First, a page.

By Phillip Milano
One Jacksonville University film team used humor to broach the topic of sex, while the other got deadly serious about the subject of fire. Both wound up getting invited to show their student short subjects during the upcoming Cannes Film Festival.
Theater major Janae LaFleur directed and co-wrote “Sexual Education: The Touchy Subject” with student and fellow writer Roy Matos. The five-minute, ‘50s-style satirical PSA about sex education captured the Campus Best Picture award as part of Campus MovieFest, billed as “The World’s Largest Student Film Festival.”
Meanwhile, “Duality” by David Bradley Howard and Steven Schotola focuses on a politician hiring a hit man to off a woman with whom he had an affair. The house fire that results has shattering consequences. While the film did not take awards during the January fest on campus, it later was picked for the Staff Choice Award by Campus MovieFest nationally – and the makers received an invite to Cannes as well.
Other winners included film majors Nora Shychuk and Jairid Pacileo, Campus Best Drama, for “Lie With Me,” and film major Brian Trumble, Campus Best Comedy, for “The Talk.”
The film contest put on at locales nationally by the Atlanta-based Campus MovieFest gives college students equipment and resources to make a quick subject in a week’s time.
“It’s a good activity that builds a sense of community across campus,” said Carolina Conte, assistant professor of film at JU. “You get to see Swisher Auditorium [on campus] filled with excited students cheering for their friends.”
The winners now move to the national finale of the Campus MovieFest in Los Angeles in June, where participants will get a chance to talk with movie professionals at Warner Bros. Studios as well.
But before that, “Sexual Education” and “Duality” are two of 30 films from the MovieFest nationwide selected to be shown during the Cannes Film Festival May 16-27, as part of the “Marche du Film” film market in the Cannes Marketplace. About 1,400 movies are promoted at booths there each year, as producers and directors walk through and select films they like for purchase or distribution.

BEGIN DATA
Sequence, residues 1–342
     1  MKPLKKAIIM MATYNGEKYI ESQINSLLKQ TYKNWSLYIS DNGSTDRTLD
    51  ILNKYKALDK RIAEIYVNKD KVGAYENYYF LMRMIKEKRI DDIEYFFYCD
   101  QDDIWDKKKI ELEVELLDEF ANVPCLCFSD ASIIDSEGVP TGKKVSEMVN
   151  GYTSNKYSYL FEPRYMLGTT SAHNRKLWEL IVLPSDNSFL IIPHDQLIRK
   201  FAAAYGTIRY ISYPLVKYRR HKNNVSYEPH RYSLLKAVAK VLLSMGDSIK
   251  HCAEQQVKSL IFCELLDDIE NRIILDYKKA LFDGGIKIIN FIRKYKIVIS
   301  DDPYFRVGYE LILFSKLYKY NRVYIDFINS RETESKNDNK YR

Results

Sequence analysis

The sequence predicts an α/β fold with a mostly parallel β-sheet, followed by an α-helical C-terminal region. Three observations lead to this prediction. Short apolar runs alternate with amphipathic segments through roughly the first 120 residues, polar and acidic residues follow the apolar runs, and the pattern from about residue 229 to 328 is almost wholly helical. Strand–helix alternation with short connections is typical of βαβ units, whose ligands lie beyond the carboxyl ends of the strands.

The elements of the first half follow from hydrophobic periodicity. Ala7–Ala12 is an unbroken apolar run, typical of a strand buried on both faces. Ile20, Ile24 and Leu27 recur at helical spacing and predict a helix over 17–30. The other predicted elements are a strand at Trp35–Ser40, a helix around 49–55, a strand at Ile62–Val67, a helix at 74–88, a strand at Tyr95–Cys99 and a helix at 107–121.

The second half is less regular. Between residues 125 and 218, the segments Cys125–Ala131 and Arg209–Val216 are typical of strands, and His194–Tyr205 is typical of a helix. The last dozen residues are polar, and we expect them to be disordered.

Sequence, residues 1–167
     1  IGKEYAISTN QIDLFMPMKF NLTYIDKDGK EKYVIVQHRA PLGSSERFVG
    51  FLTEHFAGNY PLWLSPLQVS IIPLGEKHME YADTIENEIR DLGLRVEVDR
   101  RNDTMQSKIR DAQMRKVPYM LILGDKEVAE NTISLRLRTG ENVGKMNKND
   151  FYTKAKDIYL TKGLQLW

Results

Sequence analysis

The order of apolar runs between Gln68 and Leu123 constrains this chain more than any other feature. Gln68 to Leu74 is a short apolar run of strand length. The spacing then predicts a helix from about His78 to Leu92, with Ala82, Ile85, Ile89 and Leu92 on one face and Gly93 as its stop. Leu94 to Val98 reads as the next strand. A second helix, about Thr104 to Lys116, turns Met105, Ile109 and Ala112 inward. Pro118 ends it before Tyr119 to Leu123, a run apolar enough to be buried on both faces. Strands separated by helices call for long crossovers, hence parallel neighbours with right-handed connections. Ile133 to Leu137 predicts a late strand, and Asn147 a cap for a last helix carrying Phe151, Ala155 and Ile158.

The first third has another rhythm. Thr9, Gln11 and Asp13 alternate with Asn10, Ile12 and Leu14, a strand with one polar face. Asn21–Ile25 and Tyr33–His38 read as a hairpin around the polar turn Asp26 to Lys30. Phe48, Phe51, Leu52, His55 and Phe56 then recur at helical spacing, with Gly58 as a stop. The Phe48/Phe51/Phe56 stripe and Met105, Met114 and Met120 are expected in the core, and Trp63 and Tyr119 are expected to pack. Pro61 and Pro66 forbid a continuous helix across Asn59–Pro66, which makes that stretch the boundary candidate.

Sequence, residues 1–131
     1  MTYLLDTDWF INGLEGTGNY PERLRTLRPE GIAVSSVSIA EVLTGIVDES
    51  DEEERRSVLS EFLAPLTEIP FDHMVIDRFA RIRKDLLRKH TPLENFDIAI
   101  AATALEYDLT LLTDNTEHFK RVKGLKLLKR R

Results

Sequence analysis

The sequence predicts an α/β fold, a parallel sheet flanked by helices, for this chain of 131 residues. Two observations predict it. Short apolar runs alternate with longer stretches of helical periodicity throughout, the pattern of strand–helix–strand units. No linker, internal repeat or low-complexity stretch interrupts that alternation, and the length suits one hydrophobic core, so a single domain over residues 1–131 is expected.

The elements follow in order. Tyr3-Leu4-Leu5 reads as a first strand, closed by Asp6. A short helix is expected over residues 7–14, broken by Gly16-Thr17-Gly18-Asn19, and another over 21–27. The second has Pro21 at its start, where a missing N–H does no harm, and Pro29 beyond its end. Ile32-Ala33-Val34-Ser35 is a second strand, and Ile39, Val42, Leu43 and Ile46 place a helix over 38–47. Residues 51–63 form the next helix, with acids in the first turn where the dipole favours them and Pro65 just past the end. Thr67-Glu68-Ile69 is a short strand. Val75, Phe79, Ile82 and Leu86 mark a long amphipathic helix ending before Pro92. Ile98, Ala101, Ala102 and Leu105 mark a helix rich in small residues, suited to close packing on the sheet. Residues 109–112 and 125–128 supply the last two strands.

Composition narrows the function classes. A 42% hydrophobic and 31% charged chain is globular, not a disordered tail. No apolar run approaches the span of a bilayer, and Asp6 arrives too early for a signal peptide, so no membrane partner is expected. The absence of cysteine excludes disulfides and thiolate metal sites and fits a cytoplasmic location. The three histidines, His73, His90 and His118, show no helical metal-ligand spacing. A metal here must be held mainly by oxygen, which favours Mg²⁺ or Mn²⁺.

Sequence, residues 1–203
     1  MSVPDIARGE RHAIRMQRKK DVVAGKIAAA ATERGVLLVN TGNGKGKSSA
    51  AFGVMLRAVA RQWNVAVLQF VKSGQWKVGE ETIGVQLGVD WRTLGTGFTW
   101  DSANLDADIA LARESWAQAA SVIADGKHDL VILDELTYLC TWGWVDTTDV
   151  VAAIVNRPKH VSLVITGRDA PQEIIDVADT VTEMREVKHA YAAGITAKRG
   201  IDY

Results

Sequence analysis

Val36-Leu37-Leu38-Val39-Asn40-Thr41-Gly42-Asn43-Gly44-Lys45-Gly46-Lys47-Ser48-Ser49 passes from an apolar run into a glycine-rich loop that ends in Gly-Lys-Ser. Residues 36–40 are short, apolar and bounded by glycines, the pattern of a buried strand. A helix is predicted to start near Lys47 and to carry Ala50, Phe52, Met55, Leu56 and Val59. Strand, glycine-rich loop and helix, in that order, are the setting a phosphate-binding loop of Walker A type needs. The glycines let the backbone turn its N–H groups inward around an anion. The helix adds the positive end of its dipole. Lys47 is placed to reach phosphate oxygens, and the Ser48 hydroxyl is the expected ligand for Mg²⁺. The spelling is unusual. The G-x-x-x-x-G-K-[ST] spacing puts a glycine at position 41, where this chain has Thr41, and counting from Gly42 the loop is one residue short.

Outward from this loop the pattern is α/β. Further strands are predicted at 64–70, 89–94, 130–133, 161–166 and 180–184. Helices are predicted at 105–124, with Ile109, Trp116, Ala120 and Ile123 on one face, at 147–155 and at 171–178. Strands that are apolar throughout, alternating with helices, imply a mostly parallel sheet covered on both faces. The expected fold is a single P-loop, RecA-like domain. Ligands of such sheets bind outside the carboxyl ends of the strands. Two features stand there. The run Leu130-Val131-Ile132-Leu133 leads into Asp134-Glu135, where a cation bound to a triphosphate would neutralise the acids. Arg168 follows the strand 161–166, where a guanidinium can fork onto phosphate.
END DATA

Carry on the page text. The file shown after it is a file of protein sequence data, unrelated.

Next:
“It’s definitely exciting to have won,” said LaFleur, a senior whose team plans to go to L.A. but is unsure about Cannes because of the cost. “When you’re finished you feel you accomplished something, taking it from an idea on paper and then seeing a real-life version of it.”
LaFleur’s favorite moment in the PSA involves the funny contrast between giving advice to males vs. females.
“The announcer has a long monologue where he tells the girl to save herself for marriage, but then tells the boy ‘Go for it!’ It shows the hypocritical nature of the advice sometimes given to males and females.
“Duality,” on the other hand, is a meditation on decisions and their repercussions, using fire symbolically and literally.
“The movie goes from a bar where the hit is discussed, and forwards through to the consequences,” said Howard. “The idea is to make you think about your decisions before you act rashly.”
Getting picked for Cannes is “the biggest thing that’s ever happened to me … somebody said it’s once in a lifetime, and it really is,” said Howard.
To attend Cannes, Howard and Schotola need to raise about $6,300 for 12 nights in a hotel, meals and more. Of that, they need $2,000 by mid-March for their first deposit on their hotel, which will secure their film in the marketplace, too.
“Right now we’re talking to people in the community, different businesses, to see if they can donate, or let us promote our trip,” Howard said. The pair has also started an Indiegogo.com donation account to help raise money.
For Howard, it means a lot to represent Jacksonville.
“I want to show that Jacksonville can make movies and hang with the L.A.s and the New Yorks,” he said. “We have amazing filmmakers here, and this is one of the best places to get your start in film. People are understanding, and businesses like the Fox Diner in Avondale and even a local hotel let us use their locations. … There’s no place else like this that is willing to take someone on and help them -- give them their first shot.”
JU’s Bachelor of Arts degree in film, offered through the College of Fine Arts, gives students a chance to explore film history, theory and criticism. It also affords them hands-on production experience. The theory and real-world activity provide an understanding of film’s ability to create meaning. Film students also may specialize in Screenwriting or Directing.